US146910A - Improvement in knob-latches - Google Patents

Improvement in knob-latches Download PDF

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US146910A
US146910A US146910DA US146910A US 146910 A US146910 A US 146910A US 146910D A US146910D A US 146910DA US 146910 A US146910 A US 146910A
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United States
Prior art keywords
bolt
key
knob
latch
latches
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Expired - Lifetime
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    • EFIXED CONSTRUCTIONS
    • E05LOCKS; KEYS; WINDOW OR DOOR FITTINGS; SAFES
    • E05BLOCKS; ACCESSORIES THEREFOR; HANDCUFFS
    • E05B59/00Locks with latches separate from the lock-bolts or with a plurality of latches or lock-bolts
    • YGENERAL TAGGING OF NEW TECHNOLOGICAL DEVELOPMENTS; GENERAL TAGGING OF CROSS-SECTIONAL TECHNOLOGIES SPANNING OVER SEVERAL SECTIONS OF THE IPC; TECHNICAL SUBJECTS COVERED BY FORMER USPC CROSS-REFERENCE ART COLLECTIONS [XRACs] AND DIGESTS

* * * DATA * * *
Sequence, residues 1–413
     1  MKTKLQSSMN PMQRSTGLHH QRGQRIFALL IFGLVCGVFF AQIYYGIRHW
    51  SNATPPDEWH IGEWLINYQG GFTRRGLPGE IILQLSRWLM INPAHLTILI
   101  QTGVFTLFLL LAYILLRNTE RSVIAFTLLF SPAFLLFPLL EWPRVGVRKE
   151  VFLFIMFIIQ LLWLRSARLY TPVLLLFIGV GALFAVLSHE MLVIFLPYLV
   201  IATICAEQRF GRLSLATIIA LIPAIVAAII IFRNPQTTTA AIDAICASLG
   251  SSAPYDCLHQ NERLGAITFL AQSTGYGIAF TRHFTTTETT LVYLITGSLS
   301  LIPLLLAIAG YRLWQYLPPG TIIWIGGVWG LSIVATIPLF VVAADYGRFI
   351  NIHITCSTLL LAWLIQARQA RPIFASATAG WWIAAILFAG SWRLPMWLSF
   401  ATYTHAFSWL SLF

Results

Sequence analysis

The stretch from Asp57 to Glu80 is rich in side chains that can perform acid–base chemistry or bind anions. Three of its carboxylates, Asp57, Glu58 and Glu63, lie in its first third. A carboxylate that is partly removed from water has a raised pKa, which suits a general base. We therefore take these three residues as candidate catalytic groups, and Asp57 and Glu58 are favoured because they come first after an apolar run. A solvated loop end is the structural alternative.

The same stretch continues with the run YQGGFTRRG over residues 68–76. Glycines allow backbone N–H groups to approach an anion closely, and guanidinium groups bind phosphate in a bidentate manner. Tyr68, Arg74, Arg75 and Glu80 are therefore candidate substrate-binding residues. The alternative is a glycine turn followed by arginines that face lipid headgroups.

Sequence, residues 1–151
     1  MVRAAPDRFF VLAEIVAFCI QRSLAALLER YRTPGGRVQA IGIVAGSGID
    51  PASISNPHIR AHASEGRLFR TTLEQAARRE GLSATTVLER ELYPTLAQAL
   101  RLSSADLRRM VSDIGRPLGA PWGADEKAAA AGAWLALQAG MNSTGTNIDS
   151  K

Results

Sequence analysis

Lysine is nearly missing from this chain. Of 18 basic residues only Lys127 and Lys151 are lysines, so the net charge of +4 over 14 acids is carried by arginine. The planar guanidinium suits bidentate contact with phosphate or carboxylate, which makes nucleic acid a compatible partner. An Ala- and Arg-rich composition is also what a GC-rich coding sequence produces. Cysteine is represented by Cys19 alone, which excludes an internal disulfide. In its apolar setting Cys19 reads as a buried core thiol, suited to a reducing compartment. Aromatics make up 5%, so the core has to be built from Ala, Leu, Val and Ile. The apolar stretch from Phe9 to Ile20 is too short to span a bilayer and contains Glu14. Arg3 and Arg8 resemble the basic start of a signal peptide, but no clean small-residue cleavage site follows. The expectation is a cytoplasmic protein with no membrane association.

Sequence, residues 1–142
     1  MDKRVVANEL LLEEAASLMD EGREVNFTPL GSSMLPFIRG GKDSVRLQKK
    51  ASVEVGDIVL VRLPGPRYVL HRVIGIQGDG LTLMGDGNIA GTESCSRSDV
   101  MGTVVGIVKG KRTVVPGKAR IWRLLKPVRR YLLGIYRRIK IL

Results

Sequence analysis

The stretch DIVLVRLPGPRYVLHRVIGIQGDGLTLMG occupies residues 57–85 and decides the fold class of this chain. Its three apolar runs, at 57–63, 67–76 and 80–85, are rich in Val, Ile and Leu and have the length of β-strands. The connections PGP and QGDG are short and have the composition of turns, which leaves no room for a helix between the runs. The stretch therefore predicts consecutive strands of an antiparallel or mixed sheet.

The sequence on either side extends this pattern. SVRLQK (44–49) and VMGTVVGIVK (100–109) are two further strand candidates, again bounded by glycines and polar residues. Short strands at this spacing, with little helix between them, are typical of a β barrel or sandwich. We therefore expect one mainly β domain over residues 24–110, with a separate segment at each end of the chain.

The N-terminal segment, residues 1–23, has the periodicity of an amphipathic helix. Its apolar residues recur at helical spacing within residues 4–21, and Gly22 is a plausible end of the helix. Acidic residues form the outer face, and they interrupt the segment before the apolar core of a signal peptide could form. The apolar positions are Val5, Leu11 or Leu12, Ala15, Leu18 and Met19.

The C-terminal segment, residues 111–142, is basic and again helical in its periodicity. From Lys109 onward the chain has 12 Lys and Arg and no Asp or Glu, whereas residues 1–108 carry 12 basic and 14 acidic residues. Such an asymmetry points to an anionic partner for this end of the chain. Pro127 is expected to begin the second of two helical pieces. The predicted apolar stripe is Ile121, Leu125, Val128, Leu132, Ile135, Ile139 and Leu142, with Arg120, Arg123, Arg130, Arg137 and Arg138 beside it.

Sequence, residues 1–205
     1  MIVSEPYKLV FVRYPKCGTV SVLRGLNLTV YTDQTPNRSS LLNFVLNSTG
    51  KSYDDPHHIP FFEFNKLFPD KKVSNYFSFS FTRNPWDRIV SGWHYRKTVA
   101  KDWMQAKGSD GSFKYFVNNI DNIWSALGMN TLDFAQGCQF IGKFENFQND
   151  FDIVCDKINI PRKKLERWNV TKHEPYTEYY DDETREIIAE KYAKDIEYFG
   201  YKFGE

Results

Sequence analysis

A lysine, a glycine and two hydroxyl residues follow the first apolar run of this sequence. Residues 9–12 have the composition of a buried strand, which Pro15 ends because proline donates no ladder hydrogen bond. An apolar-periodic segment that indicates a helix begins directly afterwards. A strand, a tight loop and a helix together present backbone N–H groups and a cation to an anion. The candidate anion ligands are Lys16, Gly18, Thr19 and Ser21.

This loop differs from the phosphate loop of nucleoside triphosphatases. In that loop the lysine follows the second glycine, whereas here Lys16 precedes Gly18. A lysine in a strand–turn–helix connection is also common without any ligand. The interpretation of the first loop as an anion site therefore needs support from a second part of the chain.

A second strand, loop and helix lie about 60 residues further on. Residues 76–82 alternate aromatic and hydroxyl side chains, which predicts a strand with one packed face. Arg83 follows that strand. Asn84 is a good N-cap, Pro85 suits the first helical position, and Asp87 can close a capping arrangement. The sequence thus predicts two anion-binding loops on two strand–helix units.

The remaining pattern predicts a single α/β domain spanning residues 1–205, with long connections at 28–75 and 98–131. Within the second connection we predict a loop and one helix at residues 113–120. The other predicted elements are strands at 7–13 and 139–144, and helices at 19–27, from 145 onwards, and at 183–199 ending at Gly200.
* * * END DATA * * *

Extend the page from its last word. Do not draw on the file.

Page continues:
• Y10TECHNICAL SUBJECTS COVERED BY FORMER USPC
    • Y10TTECHNICAL SUBJECTS COVERED BY FORMER US CLASSIFICATION
    • Y10T70/00Locks
    • Y10T70/50Special application
    • Y10T70/5093For closures
    • Y10T70/5155Door
    • Y10T70/5199Swinging door
    • Y10T70/5226Combined dead bolt and latching bolt
    • Y10T70/5239Dead bolt, dogged latch bolt

Definitions

  • Figure l is a face view, with the back plate removed to show the working parts.
  • Fig. 2 is a detailed view of one of the tumblers which are located over the key-bolt.
  • My invention relates to certain improvements in door-latches.
  • lts object is to provide such an arrangement of springs, a cam, and a pivoted arm, together witlrthe hub of the knob-shank, that the bolt will be easily pushed back into the case when the door is pushed into the jamb, or is shut, in consequence of one only of the springs being bent, and by the operation of both the springs, in connection with the other devices named, to insure the return of the bolt to itsoriginal position after being drawn or turned in by the knob.
  • a is the latch-bolt; b, the key-bolt; c, the short cylinder, having the socket d to receive the shank of the knob.
  • c e is a cam attached to the cylinder.
  • j" is an arm, turning on the pivot g, and kept pressed against the cam c c by the spring h, which is also attached to the pivot y.
  • i is the easy spring ofthe latclrbolt, and is also attached to the pivot g.